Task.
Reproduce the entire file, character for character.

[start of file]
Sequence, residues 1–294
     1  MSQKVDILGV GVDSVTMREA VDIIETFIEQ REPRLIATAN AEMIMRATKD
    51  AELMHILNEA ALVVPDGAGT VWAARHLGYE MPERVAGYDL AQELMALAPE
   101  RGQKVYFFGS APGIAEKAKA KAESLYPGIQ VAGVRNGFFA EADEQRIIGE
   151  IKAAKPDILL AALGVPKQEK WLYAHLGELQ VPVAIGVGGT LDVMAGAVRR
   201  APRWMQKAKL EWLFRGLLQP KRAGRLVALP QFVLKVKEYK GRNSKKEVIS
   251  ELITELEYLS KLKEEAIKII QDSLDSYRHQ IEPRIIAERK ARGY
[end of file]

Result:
Sequence, residues 1–294
     1  MSQKVDILGV GVDSVTMREA VDIIETFIEQ REPRLIATAN AEMIMRATKD
    51  AELMHILNEA ALVVPDGAGT VWAARHLGYE MPERVAGYDL AQELMALAPE
   101  RGQKVYFFGS APGIAEKAKA KAESLYPGIQ VAGVRNGFFA EADEQRIIGE
   151  IKAAKPDILL AALGVPKQEK WLYAHLGELQ VPVAIGVGGT LDVMAGAVRR
   201  APRWMQKAKL EWLFRGLLQP KRAGRLVALP QFVLKVKEYK GRNSKKEVIS
   251  ELITELEYLS KLKEEAIKII QDSLDSYRHQ IEPRIIAERK ARGY